In the sample observation method, the coefficient k is set by evaluating the geometric aberration characteristic caused by the solid immersion lens without employing a configuration corresponding to a hemispherical form using a surface including the spherical center as a sample observation surface or a configuration corresponding to a hyperhemispherical form using a surface including a point located downstream of the spherical center by RL/nL along the optical axis as a sample observation surface. Using a surface including the point determined by the coefficient k as a sample observation surface, the sample is observed. This widens the field of view usable for observations, thereby making it possible to observe an image of a sample favorably with the solid immersion lens.

Preferably, when evaluating the geometric aberration characteristic caused by the solid immersion lens, the geometric aberration characteristic is evaluated with a virtual optical system using a back focal plane of the solid immersion lens as a pupil plane, and the coefficient k is set according to a result of the evaluation. In this case, using the back focal plane of the solid immersion lens as the pupil plane can make the object side telecentric, thus yielding a form practically suitable for observing reflected light with laser scanning, etc. It has been found that, when a solid immersion lens is used in combination with an actual microscope, the pupil position of an objective lens of the microscope fails to function as a pupil, whereby the pupil of an optical system including the solid immersion lens becomes the back focal position of the solid immersion lens.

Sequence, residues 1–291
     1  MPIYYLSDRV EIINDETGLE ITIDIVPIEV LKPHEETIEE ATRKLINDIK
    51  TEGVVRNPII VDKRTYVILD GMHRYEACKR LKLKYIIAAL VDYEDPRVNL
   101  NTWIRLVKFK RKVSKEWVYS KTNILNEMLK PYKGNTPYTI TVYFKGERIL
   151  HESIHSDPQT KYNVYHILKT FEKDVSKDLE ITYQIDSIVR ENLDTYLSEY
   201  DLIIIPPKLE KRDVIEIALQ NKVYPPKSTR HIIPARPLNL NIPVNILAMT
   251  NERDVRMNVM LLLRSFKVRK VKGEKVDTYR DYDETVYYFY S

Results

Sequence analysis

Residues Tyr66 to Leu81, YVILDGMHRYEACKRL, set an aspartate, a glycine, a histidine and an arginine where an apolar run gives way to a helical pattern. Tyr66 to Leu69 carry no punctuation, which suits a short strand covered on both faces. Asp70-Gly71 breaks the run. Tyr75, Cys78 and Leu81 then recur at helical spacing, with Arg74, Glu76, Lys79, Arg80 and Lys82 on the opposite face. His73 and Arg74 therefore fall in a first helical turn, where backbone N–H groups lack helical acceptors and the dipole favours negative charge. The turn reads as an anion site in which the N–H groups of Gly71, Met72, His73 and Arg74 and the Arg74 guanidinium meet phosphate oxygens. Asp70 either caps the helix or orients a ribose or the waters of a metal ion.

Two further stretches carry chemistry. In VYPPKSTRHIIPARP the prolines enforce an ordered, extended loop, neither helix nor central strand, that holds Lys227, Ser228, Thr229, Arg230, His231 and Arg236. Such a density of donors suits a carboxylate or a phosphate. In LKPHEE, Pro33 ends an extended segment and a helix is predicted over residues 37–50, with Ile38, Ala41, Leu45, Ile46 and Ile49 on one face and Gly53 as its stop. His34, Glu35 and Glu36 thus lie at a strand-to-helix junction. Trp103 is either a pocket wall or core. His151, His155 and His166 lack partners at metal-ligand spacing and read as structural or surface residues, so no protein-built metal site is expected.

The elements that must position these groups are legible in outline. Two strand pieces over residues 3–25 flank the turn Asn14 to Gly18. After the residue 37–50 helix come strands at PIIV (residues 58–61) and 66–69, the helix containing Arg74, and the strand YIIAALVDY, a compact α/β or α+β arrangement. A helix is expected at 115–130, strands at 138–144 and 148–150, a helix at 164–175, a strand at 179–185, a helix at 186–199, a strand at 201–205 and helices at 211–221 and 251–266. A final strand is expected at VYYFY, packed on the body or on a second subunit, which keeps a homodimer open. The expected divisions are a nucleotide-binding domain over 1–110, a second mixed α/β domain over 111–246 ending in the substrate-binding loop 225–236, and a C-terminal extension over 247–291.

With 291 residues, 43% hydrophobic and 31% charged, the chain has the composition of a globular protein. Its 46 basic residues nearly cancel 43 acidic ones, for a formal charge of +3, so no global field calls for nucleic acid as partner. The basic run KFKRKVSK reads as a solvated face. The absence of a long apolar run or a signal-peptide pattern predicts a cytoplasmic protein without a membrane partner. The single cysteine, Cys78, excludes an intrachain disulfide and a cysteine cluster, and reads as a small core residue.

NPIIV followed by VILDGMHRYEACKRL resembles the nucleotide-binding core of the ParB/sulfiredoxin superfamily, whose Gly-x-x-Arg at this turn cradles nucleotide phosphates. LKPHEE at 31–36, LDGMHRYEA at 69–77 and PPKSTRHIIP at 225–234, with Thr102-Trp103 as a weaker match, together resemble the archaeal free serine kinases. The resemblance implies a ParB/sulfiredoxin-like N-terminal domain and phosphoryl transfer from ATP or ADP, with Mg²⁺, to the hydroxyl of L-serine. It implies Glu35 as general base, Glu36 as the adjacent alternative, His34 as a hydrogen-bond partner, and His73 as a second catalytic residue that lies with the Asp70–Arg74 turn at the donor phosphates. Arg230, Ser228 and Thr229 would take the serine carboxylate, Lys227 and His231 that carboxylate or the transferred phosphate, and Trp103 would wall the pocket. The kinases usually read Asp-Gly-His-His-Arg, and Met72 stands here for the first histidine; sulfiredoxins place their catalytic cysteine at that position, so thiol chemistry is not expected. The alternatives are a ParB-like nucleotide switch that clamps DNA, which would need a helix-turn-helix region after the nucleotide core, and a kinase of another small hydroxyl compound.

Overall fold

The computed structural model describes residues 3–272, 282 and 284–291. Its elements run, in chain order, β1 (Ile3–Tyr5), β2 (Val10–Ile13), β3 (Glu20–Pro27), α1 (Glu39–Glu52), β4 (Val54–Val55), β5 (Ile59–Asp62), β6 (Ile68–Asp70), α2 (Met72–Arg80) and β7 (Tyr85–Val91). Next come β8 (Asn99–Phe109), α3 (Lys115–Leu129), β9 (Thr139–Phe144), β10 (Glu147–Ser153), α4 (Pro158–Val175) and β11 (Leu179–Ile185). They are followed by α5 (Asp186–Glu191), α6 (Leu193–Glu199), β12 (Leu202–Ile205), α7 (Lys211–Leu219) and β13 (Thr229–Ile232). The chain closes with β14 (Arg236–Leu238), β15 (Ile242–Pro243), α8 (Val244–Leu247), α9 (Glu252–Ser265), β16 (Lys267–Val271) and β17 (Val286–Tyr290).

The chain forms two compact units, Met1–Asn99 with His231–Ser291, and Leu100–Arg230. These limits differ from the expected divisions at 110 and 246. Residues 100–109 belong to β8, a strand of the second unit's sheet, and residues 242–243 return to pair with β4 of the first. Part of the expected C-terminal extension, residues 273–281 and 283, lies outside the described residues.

Preferably, the geometric aberration characteristic caused by the solid immersion lens is evaluated by a sagittal image surface, a meridional image surface, or an average image surface of the sagittal image surface and meridional image surface, and the coefficient k is set according to a result of the evaluation. In this case, the geometric aberration characteristic on the sample observation surface caused by the solid immersion lens can be set favorably.

The sample observation method may be such that the solid immersion lens has a thickness of dL=R L+k(RL/nL) along the optical axis, and the sample observation surface coincides with the sample-side lens surface of the solid immersion lens. Alternatively, the sample observation method may be such that the solid immersion lens has a thickness of dL<RL+k(RL/nL) along the optical axis, the sample observation surface is a virtual observation surface assuming that the sample has a refractive index equal to the refractive index nL of the solid immersion lens, and the thickness of the solid immersion lens satisfies dL=L−tS(nL/nS) with respect to the length L=RL+k(RL/nL) along the optical axis from a vertex to the virtual observation surface, where nS is the refractive index of the sample, and tS is the thickness of the sample to the actual observation surface.